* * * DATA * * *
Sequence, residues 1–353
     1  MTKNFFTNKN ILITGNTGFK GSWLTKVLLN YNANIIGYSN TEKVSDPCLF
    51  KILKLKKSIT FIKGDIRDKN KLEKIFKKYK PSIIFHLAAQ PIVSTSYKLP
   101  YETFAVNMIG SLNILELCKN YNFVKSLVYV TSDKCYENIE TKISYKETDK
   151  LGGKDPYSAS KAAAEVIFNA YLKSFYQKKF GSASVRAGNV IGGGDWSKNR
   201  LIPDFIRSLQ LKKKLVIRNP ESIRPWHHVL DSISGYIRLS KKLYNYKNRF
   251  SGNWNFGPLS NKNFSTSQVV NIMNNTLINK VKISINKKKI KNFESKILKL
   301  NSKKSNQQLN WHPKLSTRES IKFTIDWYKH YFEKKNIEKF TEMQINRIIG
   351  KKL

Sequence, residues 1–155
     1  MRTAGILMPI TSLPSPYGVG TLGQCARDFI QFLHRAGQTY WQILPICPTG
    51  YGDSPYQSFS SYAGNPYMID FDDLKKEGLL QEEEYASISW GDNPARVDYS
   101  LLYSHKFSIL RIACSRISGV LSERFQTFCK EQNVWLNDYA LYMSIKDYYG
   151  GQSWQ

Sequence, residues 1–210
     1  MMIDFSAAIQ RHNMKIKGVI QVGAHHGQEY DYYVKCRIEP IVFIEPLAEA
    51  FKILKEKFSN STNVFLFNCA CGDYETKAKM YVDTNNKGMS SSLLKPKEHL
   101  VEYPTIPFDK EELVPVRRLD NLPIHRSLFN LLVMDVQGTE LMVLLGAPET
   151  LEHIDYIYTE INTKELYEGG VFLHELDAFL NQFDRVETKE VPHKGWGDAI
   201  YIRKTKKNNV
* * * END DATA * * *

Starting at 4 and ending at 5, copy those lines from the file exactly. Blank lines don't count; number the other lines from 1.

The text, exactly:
   101  YETFAVNMIG SLNILELCKN YNFVKSLVYV TSDKCYENIE TKISYKETDK
   151  LGGKDPYSAS KAAAEVIFNA YLKSFYQKKF GSASVRAGNV IGGGDWSKNR